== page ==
And I suppose that's why I wanted to write this post. Hope. Understanding my nervous system and beginning to be able to ask myself the question ‘What nervous system state am I in?’ in any given moment is helping me to have a great deal more compassion for myself and my experience. It is empowering me to be able to make choices for myself that support my system in coming into balance and regulation. Even just understanding the WHY has helped me to navigate those states with so much more grace, confidence and power than I was ever able to do in the past. It has also helped me to endure painful states more easily having an understanding of WHY they're there and knowing that they won't last forever. In essence, the WHY is not only incredibly important, it is everything.
So, to the health care practitioner who looked me in the eye and told me to 'stop asking why' I want you to know that I am so beyond grateful that you said that to me because it gave me the important life experience of choosing to hear and listen to my own internal guidance system despite the invalidation, despite the gaslighting, despite what the professionals were telling me, and then discovering that that voice was, in fact, leading me towards exactly what was right for me.
And that is what I want to encourage of anyone reading this. I want you all to hear my story and hear the power in listening to that calm, steady voice inside of you that speaks your own truth to you, despite what the textbooks, evidence based treatments and professionals tell you. Because it is that voice that will lead you to what works best for YOU. And if that involves taking pharmaceuticals and/or accepting a diagnosis that feels right and empowering for you, then that is wonderful, as well. Its your journey, after all, not mine.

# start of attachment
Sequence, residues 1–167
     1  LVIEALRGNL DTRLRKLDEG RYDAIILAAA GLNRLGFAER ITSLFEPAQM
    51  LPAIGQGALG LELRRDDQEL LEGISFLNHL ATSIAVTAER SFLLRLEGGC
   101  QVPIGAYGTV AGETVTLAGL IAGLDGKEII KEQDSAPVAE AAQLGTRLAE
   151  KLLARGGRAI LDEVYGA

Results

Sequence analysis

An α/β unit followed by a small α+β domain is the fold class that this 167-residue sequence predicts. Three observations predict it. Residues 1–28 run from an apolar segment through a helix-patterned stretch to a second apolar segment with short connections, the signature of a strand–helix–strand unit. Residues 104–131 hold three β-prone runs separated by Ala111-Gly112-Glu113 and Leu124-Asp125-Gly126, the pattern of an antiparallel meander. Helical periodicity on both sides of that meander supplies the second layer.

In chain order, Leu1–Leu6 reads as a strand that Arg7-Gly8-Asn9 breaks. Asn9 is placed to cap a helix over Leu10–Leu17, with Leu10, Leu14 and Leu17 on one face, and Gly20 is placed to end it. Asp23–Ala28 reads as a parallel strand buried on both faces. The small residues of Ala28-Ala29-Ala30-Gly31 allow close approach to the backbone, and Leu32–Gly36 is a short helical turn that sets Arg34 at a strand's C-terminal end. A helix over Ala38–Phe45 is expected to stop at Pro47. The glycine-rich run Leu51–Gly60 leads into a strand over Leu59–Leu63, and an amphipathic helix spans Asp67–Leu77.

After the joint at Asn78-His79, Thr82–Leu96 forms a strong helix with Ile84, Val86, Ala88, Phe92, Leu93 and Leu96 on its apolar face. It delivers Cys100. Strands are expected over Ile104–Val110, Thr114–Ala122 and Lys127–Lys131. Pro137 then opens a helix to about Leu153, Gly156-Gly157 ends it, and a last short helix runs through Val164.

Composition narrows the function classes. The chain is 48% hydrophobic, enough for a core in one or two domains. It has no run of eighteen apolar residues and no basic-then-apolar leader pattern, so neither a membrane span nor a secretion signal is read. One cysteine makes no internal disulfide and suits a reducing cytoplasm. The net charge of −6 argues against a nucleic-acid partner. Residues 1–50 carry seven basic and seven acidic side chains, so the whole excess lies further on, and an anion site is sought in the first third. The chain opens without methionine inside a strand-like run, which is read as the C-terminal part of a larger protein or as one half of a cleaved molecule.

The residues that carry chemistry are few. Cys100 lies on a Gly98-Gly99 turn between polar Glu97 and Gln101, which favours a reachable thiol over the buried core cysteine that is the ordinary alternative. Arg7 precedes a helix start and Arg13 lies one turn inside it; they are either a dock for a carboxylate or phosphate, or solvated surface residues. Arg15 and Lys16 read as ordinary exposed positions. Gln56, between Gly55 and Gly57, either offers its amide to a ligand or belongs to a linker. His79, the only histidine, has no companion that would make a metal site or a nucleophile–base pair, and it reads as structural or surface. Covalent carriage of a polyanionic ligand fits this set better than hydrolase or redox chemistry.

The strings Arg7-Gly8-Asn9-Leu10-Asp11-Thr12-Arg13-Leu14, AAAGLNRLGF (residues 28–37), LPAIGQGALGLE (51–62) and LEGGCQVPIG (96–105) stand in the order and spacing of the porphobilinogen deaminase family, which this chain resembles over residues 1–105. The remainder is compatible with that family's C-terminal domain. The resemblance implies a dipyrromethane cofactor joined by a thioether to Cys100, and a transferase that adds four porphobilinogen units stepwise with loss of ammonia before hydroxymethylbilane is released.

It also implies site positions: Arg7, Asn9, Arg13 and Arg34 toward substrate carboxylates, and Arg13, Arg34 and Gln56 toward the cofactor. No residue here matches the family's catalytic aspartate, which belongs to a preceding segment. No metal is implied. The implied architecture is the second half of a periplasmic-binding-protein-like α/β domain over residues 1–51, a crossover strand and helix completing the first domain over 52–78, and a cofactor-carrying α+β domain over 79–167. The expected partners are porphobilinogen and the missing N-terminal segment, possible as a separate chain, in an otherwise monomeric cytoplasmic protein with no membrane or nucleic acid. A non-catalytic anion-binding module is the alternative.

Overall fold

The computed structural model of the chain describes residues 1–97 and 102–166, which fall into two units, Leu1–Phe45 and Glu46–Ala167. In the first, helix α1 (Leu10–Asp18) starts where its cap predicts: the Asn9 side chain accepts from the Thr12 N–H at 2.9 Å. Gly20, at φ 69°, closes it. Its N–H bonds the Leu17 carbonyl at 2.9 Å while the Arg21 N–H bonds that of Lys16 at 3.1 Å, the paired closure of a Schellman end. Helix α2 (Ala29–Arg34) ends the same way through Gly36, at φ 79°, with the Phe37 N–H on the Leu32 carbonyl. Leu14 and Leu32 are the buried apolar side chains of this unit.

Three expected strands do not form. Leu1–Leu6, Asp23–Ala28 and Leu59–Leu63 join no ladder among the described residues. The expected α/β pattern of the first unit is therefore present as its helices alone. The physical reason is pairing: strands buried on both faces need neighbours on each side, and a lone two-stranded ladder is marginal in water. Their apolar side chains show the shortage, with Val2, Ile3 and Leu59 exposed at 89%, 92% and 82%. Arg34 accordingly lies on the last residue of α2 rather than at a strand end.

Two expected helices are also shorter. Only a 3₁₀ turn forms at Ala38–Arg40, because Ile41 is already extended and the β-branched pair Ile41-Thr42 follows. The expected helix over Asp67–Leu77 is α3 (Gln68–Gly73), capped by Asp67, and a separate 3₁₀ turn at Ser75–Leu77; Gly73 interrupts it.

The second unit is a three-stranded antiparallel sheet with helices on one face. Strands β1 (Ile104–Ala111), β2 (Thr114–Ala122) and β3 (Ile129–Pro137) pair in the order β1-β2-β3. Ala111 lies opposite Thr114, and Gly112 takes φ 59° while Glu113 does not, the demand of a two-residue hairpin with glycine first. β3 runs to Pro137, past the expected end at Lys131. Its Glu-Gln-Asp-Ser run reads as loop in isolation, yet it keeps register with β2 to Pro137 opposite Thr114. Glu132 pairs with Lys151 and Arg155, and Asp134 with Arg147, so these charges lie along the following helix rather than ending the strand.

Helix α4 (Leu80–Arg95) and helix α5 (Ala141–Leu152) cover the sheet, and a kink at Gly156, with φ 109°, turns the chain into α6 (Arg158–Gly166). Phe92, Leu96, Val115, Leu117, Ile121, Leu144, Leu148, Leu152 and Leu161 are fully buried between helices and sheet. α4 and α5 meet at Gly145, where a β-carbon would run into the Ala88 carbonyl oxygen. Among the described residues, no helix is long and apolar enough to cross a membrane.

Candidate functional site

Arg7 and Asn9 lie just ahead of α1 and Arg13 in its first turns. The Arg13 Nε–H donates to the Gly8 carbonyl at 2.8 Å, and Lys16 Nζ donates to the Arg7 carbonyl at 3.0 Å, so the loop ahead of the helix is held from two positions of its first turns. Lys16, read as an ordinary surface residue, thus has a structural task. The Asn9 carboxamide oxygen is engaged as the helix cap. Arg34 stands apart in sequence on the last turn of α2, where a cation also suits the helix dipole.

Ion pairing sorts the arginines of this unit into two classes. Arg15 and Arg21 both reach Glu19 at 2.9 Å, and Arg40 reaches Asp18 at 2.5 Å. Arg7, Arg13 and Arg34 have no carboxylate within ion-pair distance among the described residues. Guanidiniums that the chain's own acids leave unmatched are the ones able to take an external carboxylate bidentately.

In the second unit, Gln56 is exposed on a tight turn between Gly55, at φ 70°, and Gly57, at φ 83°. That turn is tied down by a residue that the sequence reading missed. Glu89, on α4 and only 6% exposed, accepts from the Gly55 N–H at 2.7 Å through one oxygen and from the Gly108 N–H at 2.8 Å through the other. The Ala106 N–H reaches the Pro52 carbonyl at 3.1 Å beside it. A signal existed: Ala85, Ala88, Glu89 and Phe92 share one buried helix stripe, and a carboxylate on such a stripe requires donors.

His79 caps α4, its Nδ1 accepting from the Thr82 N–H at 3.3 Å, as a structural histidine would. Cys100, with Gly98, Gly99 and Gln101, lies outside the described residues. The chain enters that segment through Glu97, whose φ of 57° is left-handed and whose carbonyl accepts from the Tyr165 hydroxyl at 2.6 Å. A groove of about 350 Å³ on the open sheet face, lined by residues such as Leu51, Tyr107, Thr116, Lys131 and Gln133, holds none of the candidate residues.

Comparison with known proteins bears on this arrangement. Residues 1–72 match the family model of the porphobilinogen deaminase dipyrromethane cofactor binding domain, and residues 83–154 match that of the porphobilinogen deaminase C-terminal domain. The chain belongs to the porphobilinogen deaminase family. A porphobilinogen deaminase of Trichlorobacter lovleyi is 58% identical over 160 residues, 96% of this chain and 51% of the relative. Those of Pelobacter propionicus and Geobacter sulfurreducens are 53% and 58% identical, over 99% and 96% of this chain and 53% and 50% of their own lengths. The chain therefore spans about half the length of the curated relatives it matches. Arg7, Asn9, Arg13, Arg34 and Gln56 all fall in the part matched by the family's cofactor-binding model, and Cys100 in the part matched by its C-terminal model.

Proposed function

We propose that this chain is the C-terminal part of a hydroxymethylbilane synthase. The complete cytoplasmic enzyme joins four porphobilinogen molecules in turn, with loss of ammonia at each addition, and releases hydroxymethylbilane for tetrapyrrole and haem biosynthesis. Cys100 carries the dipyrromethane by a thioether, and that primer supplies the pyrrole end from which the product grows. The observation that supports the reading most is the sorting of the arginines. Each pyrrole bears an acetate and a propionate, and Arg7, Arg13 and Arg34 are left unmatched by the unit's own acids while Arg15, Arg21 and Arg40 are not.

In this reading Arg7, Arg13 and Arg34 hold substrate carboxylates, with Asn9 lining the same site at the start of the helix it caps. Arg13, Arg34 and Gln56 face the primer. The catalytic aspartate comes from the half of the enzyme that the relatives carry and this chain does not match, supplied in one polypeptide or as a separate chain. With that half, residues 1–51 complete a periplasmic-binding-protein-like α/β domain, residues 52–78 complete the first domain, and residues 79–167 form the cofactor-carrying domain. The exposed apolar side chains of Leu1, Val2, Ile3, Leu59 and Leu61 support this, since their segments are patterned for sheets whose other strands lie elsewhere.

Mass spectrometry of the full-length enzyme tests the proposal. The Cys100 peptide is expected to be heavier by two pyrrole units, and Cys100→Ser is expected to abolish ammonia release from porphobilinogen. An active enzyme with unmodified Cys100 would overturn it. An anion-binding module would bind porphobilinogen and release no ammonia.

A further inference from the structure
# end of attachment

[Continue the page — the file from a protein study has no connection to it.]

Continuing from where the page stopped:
Never let anyone, no matter what their title, tell you what your truth is. You are the one living in your body. You are the one living your experiences. And you are the one who will guide yourself, one step at a time, towards your own best version of support, freedom, relief, empowerment and understanding.
Reilly Scott is a singer/songwriter, blogger, yoga teacher and facilitator residing in Kenora, Ontario. She is passionate about combining trauma informed practice and body based healing modalities with the arts to support psycho-education, health and wellbeing.